# Proving that $\int_{-1}^0 \frac{e^x+e^{1/x}-1}{x}dx=\gamma$

This came up while I was looking at the asymptotic behavior of $f(x)=\int_0^x \frac{e^t-1}{t}dt=\sum_{h=1}^\infty\frac{x^h}{h\cdot h!}$, which is a nice and entire function, as $x\to -\infty$, namely that I think $f(x)\sim -\ln(-x)-\gamma$ as $x\to -\infty$. I've reduced that to the problem of proving $$\int_{-1}^0 \frac{e^x+e^{1/x}-1}{x}dx=\gamma$$ where $\gamma\approx 0.577$ is the Euler-Mascheroni constant.

• Are you familiar with the exponential integral? – teadawg1337 Jan 21 '17 at 17:52
• @Dr.MV That's true if $x$ is positive, but what about $\displaystyle\lim_{x\to 0^-}e^{1/x}$? – teadawg1337 Jan 21 '17 at 17:55
• Mathematica shows that result, so it's converge. – Nosrati Jan 21 '17 at 17:57

First, enforce the substitution $x\to -1/x$, we obtain

$$\int_{-1}^0\frac{e^{1/x}}{x}\,dx=-\int_1^\infty \frac{e^{-x}}{x}\,dx \tag 1$$

Second, integrating by parts the integral on the right-hand side of $(1)$ with $u=e^{-x}$ and $v=\log(x)$ reveals

\begin{align} \int_{-1}^0\frac{e^{1/x}}{x}\,dx&=-\int_1^\infty e^{-x}\log(x)\,dx\\\\ &=-\int_0^\infty e^{-x}\log(x)\,dx+\int_0^1 e^{-x}\log(x)\,dx\\\\ &=\gamma +\int_0^1 e^{-x}\log(x)\,dx\tag 2 \end{align}

Finally, integrating by parts the integral on the right-hand side of $(2)$ with $u=\log(x)$ and $v=-(e^{-x}-1)$ reveals

\begin{align} \int_{-1}^0\frac{e^{1/x}}{x}\,dx&=\gamma +\int_0^1 \frac{e^{-x}-1}{x}\,dx\\\\ &=\gamma -\int_{-1}^0\frac{e^x-1}{x}\,dx \tag 3 \end{align}

whence solving $(3)$ for $\gamma$ yields the coveted relationship

$$\bbox[5px,border:2px solid #C0A000]{\gamma=\int_{-1}^0 \frac{e^x+e^{1/x}-1}{x}\,dx}$$

And we are done!

At the end of THIS ANSWER, I showed that $\gamma$ as given by $-\int_0^\infty \log(x)e^{-x}\,dx=\lim_{n\to \infty}\left(-\log(n)+\sum_{k=1}^n \frac1k\right)$, the latter of which is often given as the definition of $\gamma$.

• OK. Good job... – Nosrati Jan 21 '17 at 19:51
• @myglasses Thank you! Much appreciative. – Mark Viola Jan 21 '17 at 19:55
• You beat me to the punch... I became distracted in the midst of writing up my answer, but I've posted it anyway as a second approach. Your proof is better than mine, though! – teadawg1337 Jan 21 '17 at 20:12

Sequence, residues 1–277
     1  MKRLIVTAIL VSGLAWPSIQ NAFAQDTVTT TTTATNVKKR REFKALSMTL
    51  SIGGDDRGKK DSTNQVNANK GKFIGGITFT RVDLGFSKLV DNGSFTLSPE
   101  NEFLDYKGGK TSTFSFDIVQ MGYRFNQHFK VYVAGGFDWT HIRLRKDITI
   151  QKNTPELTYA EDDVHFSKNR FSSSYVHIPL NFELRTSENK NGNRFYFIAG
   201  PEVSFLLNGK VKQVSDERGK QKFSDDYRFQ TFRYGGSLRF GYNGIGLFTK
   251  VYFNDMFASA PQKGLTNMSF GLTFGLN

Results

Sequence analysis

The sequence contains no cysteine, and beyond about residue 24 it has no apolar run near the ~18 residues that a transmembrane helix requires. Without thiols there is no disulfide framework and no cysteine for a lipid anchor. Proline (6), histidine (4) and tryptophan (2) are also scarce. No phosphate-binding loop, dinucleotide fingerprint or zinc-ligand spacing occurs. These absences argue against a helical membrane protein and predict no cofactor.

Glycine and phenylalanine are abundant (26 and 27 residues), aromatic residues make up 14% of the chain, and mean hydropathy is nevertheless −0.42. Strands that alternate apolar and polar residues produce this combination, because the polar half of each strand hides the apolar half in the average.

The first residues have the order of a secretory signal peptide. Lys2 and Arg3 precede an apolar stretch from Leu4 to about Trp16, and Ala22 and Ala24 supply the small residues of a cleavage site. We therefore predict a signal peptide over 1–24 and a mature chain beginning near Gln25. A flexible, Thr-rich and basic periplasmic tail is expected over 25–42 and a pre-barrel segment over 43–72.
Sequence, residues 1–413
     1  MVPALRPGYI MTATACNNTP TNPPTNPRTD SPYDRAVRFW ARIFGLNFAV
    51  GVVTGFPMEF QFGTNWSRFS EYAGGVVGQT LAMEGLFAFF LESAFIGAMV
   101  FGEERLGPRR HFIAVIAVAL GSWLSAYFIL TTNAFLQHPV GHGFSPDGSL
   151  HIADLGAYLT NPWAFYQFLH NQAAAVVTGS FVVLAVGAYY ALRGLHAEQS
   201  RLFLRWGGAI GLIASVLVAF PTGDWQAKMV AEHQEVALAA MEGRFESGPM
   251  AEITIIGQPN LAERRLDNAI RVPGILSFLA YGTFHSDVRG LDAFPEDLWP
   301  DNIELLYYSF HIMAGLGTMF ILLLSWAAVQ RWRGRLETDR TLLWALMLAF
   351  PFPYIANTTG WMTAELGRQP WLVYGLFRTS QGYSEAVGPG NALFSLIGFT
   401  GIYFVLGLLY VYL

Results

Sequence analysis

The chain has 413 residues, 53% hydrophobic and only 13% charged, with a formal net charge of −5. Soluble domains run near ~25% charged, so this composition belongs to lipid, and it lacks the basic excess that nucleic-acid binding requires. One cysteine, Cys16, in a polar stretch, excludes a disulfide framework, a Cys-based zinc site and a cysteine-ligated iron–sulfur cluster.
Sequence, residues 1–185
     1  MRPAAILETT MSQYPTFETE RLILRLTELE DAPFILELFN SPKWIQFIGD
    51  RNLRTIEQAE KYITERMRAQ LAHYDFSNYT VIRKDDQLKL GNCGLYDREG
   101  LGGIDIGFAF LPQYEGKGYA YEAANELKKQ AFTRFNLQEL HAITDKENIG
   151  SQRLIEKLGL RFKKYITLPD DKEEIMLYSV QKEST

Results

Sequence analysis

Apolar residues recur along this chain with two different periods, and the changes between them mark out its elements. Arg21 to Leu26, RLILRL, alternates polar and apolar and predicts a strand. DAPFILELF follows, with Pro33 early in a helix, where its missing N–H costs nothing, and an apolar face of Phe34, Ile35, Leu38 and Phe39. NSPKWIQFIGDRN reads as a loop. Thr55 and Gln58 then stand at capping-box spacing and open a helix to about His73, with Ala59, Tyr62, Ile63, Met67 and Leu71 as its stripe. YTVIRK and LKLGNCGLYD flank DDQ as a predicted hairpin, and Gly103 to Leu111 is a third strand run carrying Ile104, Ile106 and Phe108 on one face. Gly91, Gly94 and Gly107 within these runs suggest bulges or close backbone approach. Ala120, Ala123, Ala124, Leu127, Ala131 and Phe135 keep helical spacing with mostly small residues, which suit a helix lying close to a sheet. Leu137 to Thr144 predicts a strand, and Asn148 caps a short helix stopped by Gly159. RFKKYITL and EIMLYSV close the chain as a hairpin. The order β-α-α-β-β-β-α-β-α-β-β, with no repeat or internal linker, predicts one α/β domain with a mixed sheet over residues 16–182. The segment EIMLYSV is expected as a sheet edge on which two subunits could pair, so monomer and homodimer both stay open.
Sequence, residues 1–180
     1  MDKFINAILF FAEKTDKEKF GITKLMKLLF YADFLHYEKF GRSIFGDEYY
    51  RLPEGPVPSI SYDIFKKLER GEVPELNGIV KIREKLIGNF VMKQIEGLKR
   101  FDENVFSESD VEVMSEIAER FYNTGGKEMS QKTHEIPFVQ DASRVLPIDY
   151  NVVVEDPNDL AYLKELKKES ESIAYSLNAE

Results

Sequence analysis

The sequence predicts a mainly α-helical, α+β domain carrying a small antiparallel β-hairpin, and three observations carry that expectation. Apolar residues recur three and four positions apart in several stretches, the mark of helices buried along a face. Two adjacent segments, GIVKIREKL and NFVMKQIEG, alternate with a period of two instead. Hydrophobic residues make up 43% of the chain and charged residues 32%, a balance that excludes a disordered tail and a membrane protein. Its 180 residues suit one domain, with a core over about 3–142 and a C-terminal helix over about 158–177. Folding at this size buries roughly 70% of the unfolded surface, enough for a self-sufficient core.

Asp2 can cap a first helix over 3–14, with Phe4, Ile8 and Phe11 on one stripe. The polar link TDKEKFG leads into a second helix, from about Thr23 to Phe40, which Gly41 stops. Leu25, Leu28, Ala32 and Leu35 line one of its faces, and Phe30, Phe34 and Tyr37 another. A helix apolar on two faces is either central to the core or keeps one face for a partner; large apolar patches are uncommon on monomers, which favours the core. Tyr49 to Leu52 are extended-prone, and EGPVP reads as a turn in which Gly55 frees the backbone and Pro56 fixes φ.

• How did you find $\int_0^\infty e^{-x}\ln(x)dx=-\gamma$? By using the power series of $e^{-x}$, switching the sum and integral and integrating termwise I got $\int_0^z e^{-x}\ln(x)dx=(1-e^{-z})\ln(z)+f(-z)$ which means the asymptotic statement I'm after and this integral are equivalent. – Sophie Jan 21 '17 at 20:46
• Sophie. How do you define $\gamma$? If one uses the limit definition, $\gamma=\lim_{n\to \infty}\left(H_n-\log(n)\right)$,then have a look at the following. $$\int_0^\infty \log(x) e^{-x}\,dx=\lim_{n\to \infty}\int_0^n \left(1-\frac xn \right)^n\,\log(x)\,dx$$Now, let $u=1-x/n$, expand the logarithm in a Taylor series, integrate term by term and you will recover the limit definition of $\gamma$. – Mark Viola Jan 21 '17 at 20:57

I'm going to take a different approach than Dr. MV, and evaluate the integral directly. First, due to the singularity at $x=0$, the integral should be interpreted as $\displaystyle \lim_{\epsilon\to 0^-}\int_{-1}^\epsilon \frac{e^x+e^{1/x}-1}x dx$. With this in mind, we can integrate. $$\int\frac{e^x+e^{1/x}-1}x dx=\mathrm{Ei}(x)-\mathrm{Ei}\left(\frac1x\right)-\ln{x}+C\tag{1}$$ It's easy to see that the value at $x=-1$ is $-i\pi$, but the value near $0$ is a tad more complex (no pun intended). Luckily, the first term can be quickly disposed of: $$-\lim_{x\to 0^-}\mathrm{Ei}\left(\frac1x\right)=-\lim_{t\to\infty}\mathrm{Ei}(-t)=0.$$ This leaves us with $\displaystyle\lim_{x\to 0^-}\left[\mathrm{Ei}(x)-\ln{x}\right]$. For $x<0$, we can use the series expansion for $E_1(z)$ to write $$\mathrm{Ei}(x)=\gamma+\ln(-x)+\sum_{n=1}^\infty\frac{x^n}{n\,n!}.\tag{2}$$ We now have $$\lim_{x\to 0^-}\left[\mathrm{Ei}(x)-\ln{x}\right]=\lim_{x\to 0^-}\left[\gamma+\ln(-x)-\ln{x}+\sum_{n=1}^\infty\frac{x^n}{n\,n!}\right]=\gamma-i\pi\tag{3}$$ and may conclude that $$\int_{-1}^0\frac{e^x+e^{1/x}-1}x dx=\gamma+i\pi-i\pi=\gamma.\tag{4}$$ Q.E.D.

• This works. My resistance to appealing to the Exponential Integral and its expansion ia that one might ask, "How does one arrive at the leading term?" But (+1) for the solution. – Mark Viola Jan 21 '17 at 20:26
• @Dr.MV Fair enough. From my limited understanding, it appears to have something to do with the derivative of the Gamma function. In fact, the expansion for $\displaystyle\int\frac{\mathrm{Ei}(x)}{x}dx$ includes $\displaystyle\frac{\partial^2}{\partial x^2}\left[\frac{\Gamma(x)}2\right]_{x=1}$ – teadawg1337 Jan 21 '17 at 20:42